I connect with her very much musically. When I stopped pretending to be a perfect mum and wife – or attempting to pretend to be – it was amazing how the relationship with my daughter got so much deeper and more real. And I’ve talked to others who have been embarrassed and they all say the same, that when they’ve started to tell the truth to their kids about who they really are, instead of what you dread – that your children are going to hate you and disrespect you – it’s the opposite. They really appreciate being treated with that respect.
How old is she now?
Does she play anything herself?
Yes, she plays piano, violin and bass guitar. She’s got a great ear, and is more of a proper musician than me because she’s got a natural ear for it. I don’t have a natural ability for music and was never taught music, or never trained my ear in any way. I didn’t even start playing till I was twenty, and then I only played for two years, stopped and started again at fifty. I couldn’t call myself a musician; I’m just someone who uses an instrument to communicate.
You were involved in the Roundhouse Rising panel in February, giving advice to audiences, I was wondering how often you get asked for advice and how you feel about being portrayed as a role model?
[giggles] I’m the worst role model, in fact I’m thinking of calling my book How Not To Be A Woman. I just make a lot of mistakes. I’ve been doing some radio series where I’m doing talks of the week and I’m thinking of calling it ‘Bad Advice From Viv Albertine’ because no one should ever look to me for any advice. I’m just stumbling along foolishly, in everything – music and love – and that’s what my book is, just a catalogue of unfortunate events. I think there’s more to learn from mistakes than successes, and I honestly think I’ve done nothing but stumble from one mistake to another. My life is basically damage limitation, and whether I can recover from it. There’s a thin line between bravery and foolishness. A very thin line, and I definitely fall the wrong side of it quite often.
Are you still influenced by film at the moment, and is that something you’re interested in continuing to do?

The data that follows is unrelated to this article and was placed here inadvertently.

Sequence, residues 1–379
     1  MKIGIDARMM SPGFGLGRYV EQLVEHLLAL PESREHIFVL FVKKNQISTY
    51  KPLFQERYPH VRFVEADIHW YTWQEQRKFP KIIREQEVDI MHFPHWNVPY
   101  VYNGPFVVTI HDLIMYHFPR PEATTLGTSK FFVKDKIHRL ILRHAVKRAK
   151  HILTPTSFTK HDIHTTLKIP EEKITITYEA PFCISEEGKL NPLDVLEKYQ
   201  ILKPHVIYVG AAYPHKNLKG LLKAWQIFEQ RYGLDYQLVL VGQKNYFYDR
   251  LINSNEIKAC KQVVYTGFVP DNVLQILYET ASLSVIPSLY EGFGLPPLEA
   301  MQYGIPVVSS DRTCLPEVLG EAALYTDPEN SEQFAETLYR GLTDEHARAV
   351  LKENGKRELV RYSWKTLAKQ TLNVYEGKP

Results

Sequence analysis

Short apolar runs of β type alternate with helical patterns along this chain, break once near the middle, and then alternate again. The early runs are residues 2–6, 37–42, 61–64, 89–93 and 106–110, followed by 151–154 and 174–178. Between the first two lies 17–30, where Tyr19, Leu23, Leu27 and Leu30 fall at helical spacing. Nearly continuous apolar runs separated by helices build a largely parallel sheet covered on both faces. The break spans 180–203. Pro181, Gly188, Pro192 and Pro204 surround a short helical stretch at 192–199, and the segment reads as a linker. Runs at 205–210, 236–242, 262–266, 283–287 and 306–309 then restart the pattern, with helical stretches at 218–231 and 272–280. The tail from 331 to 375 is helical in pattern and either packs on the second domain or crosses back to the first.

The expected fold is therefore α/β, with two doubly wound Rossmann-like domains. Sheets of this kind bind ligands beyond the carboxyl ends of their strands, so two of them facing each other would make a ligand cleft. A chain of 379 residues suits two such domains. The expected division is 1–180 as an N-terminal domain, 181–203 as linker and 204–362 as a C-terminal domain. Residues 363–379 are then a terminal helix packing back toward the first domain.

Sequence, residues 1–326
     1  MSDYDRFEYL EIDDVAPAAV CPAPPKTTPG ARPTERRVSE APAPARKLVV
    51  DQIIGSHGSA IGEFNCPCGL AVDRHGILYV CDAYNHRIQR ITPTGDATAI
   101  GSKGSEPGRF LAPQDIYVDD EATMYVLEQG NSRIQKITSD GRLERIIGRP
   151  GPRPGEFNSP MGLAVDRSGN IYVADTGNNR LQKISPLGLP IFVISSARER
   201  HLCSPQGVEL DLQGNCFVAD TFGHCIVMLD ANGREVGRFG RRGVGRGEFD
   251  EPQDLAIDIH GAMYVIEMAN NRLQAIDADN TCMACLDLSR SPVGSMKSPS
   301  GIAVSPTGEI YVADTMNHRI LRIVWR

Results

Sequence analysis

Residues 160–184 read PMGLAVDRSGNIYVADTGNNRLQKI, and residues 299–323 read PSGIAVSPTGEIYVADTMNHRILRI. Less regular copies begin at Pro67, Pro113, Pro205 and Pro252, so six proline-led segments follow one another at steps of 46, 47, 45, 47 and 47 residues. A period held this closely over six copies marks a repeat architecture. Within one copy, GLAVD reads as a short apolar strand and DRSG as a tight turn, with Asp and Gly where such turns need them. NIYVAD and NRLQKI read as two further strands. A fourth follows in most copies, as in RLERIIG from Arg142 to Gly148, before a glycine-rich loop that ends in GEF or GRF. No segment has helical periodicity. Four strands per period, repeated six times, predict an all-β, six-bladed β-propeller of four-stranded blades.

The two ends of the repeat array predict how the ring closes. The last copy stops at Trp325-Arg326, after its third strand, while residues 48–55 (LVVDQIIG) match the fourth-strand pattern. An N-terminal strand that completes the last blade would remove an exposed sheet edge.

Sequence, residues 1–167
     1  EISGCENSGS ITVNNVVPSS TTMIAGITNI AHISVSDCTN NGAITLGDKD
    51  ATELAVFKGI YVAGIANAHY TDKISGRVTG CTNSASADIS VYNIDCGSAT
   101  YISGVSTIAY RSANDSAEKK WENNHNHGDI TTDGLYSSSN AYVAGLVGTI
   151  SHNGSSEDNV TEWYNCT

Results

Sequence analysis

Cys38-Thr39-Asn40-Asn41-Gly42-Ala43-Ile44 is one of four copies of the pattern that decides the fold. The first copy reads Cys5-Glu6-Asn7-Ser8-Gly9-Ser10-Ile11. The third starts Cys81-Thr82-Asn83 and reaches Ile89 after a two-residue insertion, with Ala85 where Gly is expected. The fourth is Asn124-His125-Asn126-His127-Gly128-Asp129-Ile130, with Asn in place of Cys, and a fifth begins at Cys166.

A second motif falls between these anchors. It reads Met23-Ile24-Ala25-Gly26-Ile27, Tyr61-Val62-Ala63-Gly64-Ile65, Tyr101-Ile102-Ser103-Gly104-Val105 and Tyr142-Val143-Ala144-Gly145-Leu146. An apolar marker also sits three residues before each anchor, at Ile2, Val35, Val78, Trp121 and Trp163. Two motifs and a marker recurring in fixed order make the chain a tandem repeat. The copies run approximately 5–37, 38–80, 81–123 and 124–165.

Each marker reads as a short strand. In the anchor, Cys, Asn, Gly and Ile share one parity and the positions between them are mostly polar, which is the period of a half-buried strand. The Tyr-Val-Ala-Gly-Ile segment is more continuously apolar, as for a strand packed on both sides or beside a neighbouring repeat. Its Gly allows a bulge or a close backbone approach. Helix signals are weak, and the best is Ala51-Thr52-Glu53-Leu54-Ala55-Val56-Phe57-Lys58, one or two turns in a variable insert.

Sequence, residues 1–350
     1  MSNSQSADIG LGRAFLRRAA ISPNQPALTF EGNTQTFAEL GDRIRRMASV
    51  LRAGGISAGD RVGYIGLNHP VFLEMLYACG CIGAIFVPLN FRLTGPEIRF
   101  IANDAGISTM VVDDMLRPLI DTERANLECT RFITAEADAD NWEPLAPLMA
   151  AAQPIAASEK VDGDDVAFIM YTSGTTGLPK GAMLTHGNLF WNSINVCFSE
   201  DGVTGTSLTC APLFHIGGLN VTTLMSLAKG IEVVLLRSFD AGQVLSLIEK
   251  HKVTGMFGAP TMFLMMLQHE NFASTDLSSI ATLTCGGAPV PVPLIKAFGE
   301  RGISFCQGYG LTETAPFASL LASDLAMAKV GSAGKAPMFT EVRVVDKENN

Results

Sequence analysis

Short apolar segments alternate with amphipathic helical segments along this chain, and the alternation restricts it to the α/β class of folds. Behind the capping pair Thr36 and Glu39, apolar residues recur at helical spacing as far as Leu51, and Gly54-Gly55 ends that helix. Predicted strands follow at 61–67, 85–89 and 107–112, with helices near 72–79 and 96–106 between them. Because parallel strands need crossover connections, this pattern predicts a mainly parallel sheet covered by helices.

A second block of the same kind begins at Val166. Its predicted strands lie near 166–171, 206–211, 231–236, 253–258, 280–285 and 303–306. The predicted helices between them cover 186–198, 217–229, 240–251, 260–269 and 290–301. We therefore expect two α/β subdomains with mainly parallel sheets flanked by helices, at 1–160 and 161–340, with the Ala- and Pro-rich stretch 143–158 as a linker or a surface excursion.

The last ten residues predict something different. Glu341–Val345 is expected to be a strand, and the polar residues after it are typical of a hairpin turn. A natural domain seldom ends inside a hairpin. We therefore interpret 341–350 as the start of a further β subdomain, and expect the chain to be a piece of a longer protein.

I gave up film in a way because it took so much money to make a film – you’re either just doing a job, like I was, or making a movie or short film. There were no tiny little cameras to do guerilla style filmmaking like you can now. That interests me, that you can do that kind of thing these days, but I know what an absolute number it is to make a film even with your own little camera. I don’t know. I just love the fact that with songs you can just sit in a room, write it, and it doesn’t take money or anything. I can play guitar no matter how depressed I am, but I can’t do other things when I’m depressed. I can’t ‘make’ things when I’m depressed – I couldn’t muster the effort to make a film, but I can always play guitar.
What styles of film do you enjoy the most?
Oh, goodness. I really quite like films about broken men! ‘Last Tango In Paris’, or ‘The Brown Bunny’ by Vincent Gallo – honest films about broken men. I don’t know why. I think I have a soft spot for broken men! I just like honesty in a film. I can watch anything, really, but I think I was always brought up trying to get into a man’s head. You know, all those quizzes in girls’ magazines, and in songs and lyrics. All my life I’ve been immersed in romantic love, and the search for it. So I suppose I still see man as an enigma in a way. I love action movies as well.
Are you still searching for romantic love, or the meaning of it?
I suppose I’m searching for something that I’m beginning to think is all a bit of a con [laughs]. I might seem foolish, but I am foolish, especially with affairs of the heart. That’s where I make the biggest fool of myself, really. It would be nice, I guess, I don’t know. I think I’d reassess romantic love, with hopefully a more practical view on it now.
I think those sentiments resonate in The Vermilion Border, certainly.
It’s sort of what we expect from the other person, and whether that is really achievable. I don’t want to spend any more of my life trying to achieve something that isn’t achievable. That’s a waste of time, and I don’t want to waste my time. I’m not going to be cynical for the sake of it, but I came out of a long marriage and you think, “What was my fault? What was real and what wasn’t real? How can I not make the same mistakes next time, and how do I look for something a bit different in a person?” You want to learn from life and not keep making the same mistakes. Or at least make a slightly different mistake.
Thank you once again, Viv. It’s been a pleasure.
No, thank you! I am very fond of Wears The Trousers because you were the first people to interview me when I came back – at Zoë Street Howe’s book launch actually. I hadn’t done anything yet, and you guys took me seriously. That was great.